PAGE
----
THURSDAY, JANUARY 25, 1945
THE NEWS-JOURNAL, RAEFORD, N. C
The News -Journal
Hoke County News Hoke County Journal
Est. January, 1, 1929 Est May 15, 1911
By Paul Dickson By D. Scott Poole
Consolidated November 1, 1929
Published Thursdays At
Raeford, North Carolina
Subscription Rates: $2.00 Per Year In Advance
For Servicemen $1-50 Per Year
l ' n, r
SHonh Carolina v4t
'MISS ASSOCIATION 21
DOl'GALD COXE, Editor-Manaer
Entered as second-class mail matter at the post
office at Raeford, N. C, under Act of Ma.-ch 3, 1870
A Good Word For A Public Utility
In our news columns this week we are re
printing a story carried a few days ago by the
News and Observer, in which Rate Expert Edgar
Womble of the State Utilities Commission has
a good word and some explicit figures which
speak even more eloquently in praise of a
private corporation in the public utility busi
ness. Such a good word from a public official
for an electric company is a rare thing indeed
these days, when the air is filled with the
praises and advantages of Federal authorities
such as the fabulous Tennessee Valley Au
thority. The power company serves this area of the
state and many here will be interested in the
savings that have been effected. The power
company, too, is one of the county's and of the
state's largest taxpayers, and through its op
eration here instead of the area being served
by a Federal authority there accrues another
savings to all of our taxpayers through its
bearing its share of the taxload, amajor fault
to be found with Federally financed projects
which compete with or displace private corporations.
County School News
The Rockfish school has been
working hard on attendance and
has been rewarded for its work by
the allotment of an additional teacher
by the State Board of Education.
Mrs. Hermon Koonce has accepted
the position and has been at work
since the first of the month.
Within the pext few days the Ashe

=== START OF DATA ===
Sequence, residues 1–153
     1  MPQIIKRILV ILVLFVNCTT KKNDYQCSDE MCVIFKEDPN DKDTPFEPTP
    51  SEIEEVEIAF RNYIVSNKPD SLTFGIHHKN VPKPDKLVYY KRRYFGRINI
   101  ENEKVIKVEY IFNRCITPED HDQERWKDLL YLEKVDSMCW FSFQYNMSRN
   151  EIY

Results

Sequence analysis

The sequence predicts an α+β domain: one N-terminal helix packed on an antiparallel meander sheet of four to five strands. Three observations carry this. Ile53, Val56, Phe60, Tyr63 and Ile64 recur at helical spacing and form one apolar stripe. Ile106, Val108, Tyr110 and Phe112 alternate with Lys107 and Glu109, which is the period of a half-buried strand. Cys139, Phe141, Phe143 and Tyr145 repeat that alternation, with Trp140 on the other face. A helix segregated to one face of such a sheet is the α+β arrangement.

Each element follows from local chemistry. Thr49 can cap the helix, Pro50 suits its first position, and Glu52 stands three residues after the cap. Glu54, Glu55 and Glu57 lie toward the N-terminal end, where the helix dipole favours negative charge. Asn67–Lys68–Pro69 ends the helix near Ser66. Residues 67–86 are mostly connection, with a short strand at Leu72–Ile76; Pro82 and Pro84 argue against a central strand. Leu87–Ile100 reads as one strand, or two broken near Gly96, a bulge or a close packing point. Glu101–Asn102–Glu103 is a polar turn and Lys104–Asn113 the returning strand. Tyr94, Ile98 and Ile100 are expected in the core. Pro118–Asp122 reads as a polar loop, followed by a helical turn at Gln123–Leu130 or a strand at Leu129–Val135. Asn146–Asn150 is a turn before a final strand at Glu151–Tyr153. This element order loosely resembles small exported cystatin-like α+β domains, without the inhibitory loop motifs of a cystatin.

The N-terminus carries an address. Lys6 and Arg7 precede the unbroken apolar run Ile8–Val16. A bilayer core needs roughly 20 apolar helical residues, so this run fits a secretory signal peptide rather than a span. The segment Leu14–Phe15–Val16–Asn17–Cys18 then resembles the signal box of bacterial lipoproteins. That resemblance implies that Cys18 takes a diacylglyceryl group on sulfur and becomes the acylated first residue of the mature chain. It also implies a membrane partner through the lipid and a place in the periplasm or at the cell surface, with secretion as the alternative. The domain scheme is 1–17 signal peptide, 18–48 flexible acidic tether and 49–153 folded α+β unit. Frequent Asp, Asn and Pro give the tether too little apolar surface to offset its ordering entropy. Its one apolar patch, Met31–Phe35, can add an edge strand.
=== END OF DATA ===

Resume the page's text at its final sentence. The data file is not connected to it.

mont F. T. A. hopes to have the
lunch room in operation. A three
division sink, hot water tank and
heater have been installed and new
tables are being built. This lunch
room will be one of the most mod
ern in the county when all of this
work has been completed.
360.000 SEE BOWL GAMES
Ten bowl games on New Year's
day attracted 360,000 football
500 IN UNIFORM I Prime Minister Churchill has or
Approximately 500 major league dered the immediate induction of
250,000 more men into tne armea
ball players were in the armed forces
on January 1, 1945.
You're my kind . . . Have a Coca-Cola
... or allies enjoy a friendly pause
Friendliness enters the picture at the words Have a Coke. It's a
happy custom, everywhere, for people to meet together over
frosty bottles of ice-cold Coca-Cola. In many lands around the
globe, Coca-Cola stands for the pause that refreshes, has become
an everyday high-sign of frieodliness among people of good will.
eOTTLED UNDER AUTHORITY OF THE COCA-COLA COMPANY IY
COCA-COLA BOTTLING CO. Aberdeen,N. C.
It's natural for popular names
to acquire friendly abbrevia
i tiona. That's why you hear
I Coca-Cola called Coke
Many questions are being asked us about fertilizers
for the coming season, and we want to make the follow
ing statement in reply:
In our opinion, based on information available to us, the chief fertilizer
problems this season will be those of shipping and delivery. All our manu
facturing connections are seriously short of labor, and this is the general
situation confronting the whole industry. Shipping, both by rail and
truck, is as you know not up to the usual standards, and delays are being
encountered more and more. Farm deliveries from local warehouses
depend upon local labor and local trucks, and most of you are familiar
with both these problems. So. our advice is simply this:
Give your fertilizer order to your fertilizer dealer without waiting
any longer, and arrange to take immediate delivery. We believe this is
the ONLY way farmers all round will be able to get what they want and
be ready to use fertilizer when they need it. While there may be enough
fertilizers in sight, and we believe this is true, the delivery problem is
definitely serious, and we believe the only solution is for early purchase
and taking delivery of all requirements.
The usual registered brands with their guaranteed analyses are in
most cases available this season, and prices are very little higher.
See us for V-C, Swift, Pearsall, Robertson's, Weil's
and Naco brands. They are all good, and we unhesita
tingly recommend them.
THE JOHNSON COMPANY
RAEFORD, NORTH CAROLINA
All schools are working in the
drive for the Infantile Paralysis
fund and will report not later than
February 3rd. The goal in the schools
is to average a dime for every child
The Raeford graded school is seek
ing to improve its daily attendance.
Last week Miss Ferguson's sixth